On 14 November 2016, the Prudential Regulation Authority (PRA) published a consultation paper on Cyber Insurance Underwriting Risk (CP39/16) proposing a new supervisory statement setting out its expectations for the prudent management of cyber underwriting risk. A draft of the supervisory statement is appended to CP39/16.

For the purposes of CP39/16 and the draft supervisory statement, cyber underwriting risk is defined as the set of prudential risks emanating from underwriting insurance contracts that are exposed to losses resulting from a cyber-attack.

To assess these risks, the PRA carried out thematic work involving a variety of stakeholders from October 2015 to June 2016. The PRA’s work focused on the underwriting risks emanating from both affirmative cyber insurance policies as well as implicit cyber exposure within ‘all-risks’ and other liability insurance policies that do not explicitly exclude cyber risk, referred to as ‘silent’ cyber risk.

The results of this work are summarised in an accompanying ‘Dear CEO’ letter, which highlights the following:

  • Silent cyber risk is material. The PRA found an almost universal acknowledgement of the loss potential of silent cyber; however most firms did not demonstrate robust methods for quantifying and managing silent cyber risk.
  • Silent cyber loss potential increases with time. As both silent cyber insurance awareness and the frequency of cyber-attacks grow, so does the loss potential from silent cyber exposures.
  • Casualty (direct and facultative) lines potentially significantly exposed to ‘silent’ cyber, either due to the fact that exclusions are not widely used or become some policies, e.g. D&O policies, cannot reasonably exclude cyber losses.
  • Potential for silent losses in marine, aviation, transport and property lines. Motor and aviation underwriters are comfortable providing implicit cyber coverage despite a background of continuous technological advances. Property underwriters acknowledged the potential for cyber aggregation; despite that there are currently no widespread exclusions for cyber risk.
  • The exposure and response of reinsurance contracts is uncertain. Reinsurers are aware of the potential aggregations resulting from silence cyber and are looking to address this in the future. Currently there is no widespread use of exclusion in either property or casualty reinsurance contracts. Where wordings do exist to address the issue, these are bespoke and introduced only recently and so may later result in disputes should a claim arise.
  • Most firms lack clear strategies and risk appetites.  Boards do not own the overall strategy around cyber risk and in a number of cases a clear strategy, supported by risk appetite statements, does not exist.
  • Firm investment in developing cyber expertise is insufficient. This is due to a combination of firms being at the early stage of their cyber offering and the lack of supply of skilled professionals with cyber underwriting expertise.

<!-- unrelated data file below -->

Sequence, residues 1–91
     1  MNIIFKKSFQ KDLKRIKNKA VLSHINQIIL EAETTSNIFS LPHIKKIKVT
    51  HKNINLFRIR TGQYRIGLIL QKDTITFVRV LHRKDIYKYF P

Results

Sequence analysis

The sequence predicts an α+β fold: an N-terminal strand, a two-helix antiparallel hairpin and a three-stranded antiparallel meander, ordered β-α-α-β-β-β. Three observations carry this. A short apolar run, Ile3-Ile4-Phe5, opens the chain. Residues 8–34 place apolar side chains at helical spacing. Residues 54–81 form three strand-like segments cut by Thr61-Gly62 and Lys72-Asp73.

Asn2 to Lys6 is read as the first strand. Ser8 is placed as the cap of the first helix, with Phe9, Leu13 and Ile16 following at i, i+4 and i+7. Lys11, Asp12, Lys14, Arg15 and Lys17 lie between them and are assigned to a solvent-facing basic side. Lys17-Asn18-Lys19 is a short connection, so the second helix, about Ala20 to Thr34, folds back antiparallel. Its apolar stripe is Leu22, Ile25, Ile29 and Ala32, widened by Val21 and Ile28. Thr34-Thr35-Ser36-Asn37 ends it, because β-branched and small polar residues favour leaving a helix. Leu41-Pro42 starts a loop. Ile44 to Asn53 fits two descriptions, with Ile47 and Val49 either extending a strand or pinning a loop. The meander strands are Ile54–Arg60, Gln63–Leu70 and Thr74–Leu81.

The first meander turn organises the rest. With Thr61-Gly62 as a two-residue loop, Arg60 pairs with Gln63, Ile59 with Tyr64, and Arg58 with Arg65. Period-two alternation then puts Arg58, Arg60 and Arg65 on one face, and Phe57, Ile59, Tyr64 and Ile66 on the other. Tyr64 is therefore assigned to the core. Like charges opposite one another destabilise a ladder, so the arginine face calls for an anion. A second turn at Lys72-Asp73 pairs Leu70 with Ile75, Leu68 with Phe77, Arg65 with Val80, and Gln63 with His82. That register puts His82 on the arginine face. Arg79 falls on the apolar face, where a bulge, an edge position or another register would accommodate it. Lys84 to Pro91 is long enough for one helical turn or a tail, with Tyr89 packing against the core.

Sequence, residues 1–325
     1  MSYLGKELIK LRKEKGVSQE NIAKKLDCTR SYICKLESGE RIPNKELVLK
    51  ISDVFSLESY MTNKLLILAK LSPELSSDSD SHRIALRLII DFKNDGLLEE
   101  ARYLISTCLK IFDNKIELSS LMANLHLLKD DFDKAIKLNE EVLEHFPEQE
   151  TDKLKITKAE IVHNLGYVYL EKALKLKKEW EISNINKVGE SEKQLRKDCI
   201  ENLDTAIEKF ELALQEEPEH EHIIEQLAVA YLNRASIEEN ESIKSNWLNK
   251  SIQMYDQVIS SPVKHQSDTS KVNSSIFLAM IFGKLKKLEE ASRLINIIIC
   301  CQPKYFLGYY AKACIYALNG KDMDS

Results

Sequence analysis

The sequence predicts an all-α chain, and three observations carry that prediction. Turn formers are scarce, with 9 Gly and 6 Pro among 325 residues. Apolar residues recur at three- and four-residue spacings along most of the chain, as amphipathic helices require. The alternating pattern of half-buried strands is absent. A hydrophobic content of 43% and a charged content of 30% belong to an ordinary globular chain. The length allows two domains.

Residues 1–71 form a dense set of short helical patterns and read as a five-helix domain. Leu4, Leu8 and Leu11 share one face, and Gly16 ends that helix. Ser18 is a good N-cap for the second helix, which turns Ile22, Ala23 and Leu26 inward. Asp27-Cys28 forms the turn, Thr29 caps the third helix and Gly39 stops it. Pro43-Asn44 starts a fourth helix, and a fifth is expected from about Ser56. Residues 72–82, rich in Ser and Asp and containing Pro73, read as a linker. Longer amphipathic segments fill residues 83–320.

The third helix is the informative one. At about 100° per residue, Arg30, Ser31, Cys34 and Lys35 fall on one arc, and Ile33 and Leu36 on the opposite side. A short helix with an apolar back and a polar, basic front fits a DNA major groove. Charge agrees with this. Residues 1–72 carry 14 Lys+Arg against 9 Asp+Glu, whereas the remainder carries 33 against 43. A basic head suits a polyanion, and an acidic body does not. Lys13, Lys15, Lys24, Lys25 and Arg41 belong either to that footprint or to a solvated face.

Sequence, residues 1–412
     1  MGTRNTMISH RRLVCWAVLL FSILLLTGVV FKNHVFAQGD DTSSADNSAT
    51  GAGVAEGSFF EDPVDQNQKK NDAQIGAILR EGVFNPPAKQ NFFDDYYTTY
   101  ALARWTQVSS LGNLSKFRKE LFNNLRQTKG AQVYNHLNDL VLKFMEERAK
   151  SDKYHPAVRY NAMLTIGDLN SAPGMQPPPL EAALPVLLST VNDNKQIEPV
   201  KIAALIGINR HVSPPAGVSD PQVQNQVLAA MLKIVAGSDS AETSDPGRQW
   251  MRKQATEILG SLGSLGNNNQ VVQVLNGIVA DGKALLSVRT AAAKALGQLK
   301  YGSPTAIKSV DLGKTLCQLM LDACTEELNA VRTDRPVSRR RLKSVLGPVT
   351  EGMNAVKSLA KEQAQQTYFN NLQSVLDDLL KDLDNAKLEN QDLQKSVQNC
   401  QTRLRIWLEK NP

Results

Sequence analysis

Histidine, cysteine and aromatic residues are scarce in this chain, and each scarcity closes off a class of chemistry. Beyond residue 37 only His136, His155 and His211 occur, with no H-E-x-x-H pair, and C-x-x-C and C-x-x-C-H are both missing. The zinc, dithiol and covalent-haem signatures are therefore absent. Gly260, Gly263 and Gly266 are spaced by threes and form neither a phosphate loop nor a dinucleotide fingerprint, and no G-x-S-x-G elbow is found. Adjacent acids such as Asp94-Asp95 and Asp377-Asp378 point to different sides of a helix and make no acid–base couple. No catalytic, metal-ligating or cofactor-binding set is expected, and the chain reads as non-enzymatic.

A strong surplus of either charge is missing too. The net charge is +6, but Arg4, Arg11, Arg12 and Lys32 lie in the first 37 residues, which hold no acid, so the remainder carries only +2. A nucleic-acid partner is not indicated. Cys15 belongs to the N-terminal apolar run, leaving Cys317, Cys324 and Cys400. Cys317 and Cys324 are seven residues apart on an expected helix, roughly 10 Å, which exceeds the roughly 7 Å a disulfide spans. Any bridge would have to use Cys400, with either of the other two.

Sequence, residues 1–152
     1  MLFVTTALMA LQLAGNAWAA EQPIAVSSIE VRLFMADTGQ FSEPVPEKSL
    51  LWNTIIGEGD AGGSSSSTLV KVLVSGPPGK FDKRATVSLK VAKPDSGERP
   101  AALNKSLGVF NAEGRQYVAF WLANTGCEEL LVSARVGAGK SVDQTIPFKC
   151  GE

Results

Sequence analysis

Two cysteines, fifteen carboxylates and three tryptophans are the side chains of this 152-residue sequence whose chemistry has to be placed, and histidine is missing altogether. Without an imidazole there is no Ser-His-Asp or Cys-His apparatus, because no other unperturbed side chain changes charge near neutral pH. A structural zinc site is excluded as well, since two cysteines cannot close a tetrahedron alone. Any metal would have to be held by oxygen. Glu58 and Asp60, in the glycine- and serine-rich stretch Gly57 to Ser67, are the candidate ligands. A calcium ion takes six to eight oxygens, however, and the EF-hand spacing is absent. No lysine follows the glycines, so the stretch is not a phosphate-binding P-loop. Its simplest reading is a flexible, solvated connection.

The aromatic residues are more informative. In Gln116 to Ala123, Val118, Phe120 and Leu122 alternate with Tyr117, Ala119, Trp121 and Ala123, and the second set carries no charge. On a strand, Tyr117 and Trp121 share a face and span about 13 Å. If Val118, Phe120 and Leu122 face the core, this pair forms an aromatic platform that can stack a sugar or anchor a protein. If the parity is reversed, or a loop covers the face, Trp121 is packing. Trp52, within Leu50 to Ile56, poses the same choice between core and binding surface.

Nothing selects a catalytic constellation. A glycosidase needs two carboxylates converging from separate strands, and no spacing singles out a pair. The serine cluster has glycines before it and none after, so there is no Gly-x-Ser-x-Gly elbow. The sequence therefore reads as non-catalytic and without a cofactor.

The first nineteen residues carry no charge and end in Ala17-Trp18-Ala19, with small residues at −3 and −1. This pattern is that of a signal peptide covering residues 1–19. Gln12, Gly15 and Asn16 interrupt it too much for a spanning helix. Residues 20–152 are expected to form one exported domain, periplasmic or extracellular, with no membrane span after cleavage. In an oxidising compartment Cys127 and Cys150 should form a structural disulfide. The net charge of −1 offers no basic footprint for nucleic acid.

• Affirmative cover risks are not well understood. Firms do not sufficiently understand the aggregation and tail potential of affirmative cyber cover. Moreover using past claims data to estimate future cyber losses may not be appropriate due to data being non-stationary.
  • Risk management’s ability to challenge is limited. Risk management teams are not adequately equipped in terms of skill and expertise to provide effective challenge to the business. Input is often limited to either developing simple deterministic scenarios or reviewing and adapting widely publicised work on the topic.
  • Third-party vendor models at early stages of development. Catastrophe modelling vendors have developed small sets of deterministic cyber scenarios to assist their clients in managing aggregation and data schemas have been developed for categorising cyber exposures. Although these are helpful steps, the PRA considers that the market has much work to do before it can capture and manage cyber exposures effectively.
  • EU Data Directive will increase affirmative cyber exposures. The implementation of the Data Protection Directive in 2018 will strengthen the European regulatory framework on personal data.

In light of the above, the PRA considers that action is required across the non-life sector to mitigate the risks identified. In its consultation paper, the PRA sets out its expectations in relation to three main areas:

  • The management of silent cyber risk. The PRA proposes that firms have the ability to monitor, manage and mitigate silent cyber risk effectively and aim to provide policyholders with greater contractual certainty as to their level and type of coverage (addressed in Chapter 2 of the draft supervisory statement).
  • Setting clear appetites and strategies owned by boards. The PRA proposes that firms exposed to silent and affirmative cyber risk will have clear strategies and articulated risk appetites on the management of the associated risks. These should be owned by the board and reviewed on a regular basis (addressed in Chapter 3 of the draft supervisory statement).
  • Investing in cyber expertise. Insufficient investment from firms is due to a combination of being at the early stages of development of their cyber offering and a lack of supply of skilled professionals with cyber underwriting expertise. The PRA proposes that firms have sufficient expertise to monitor and manage the risks emanating from cyber risk (addressed in Chapter 4 of the draft supervisory statement).

The deadline for responses to the consultation paper is 14 February 2017.

View: PRA publishes Dear CEO letter and Consultation Paper on Cyber Insurance Underwriting Risk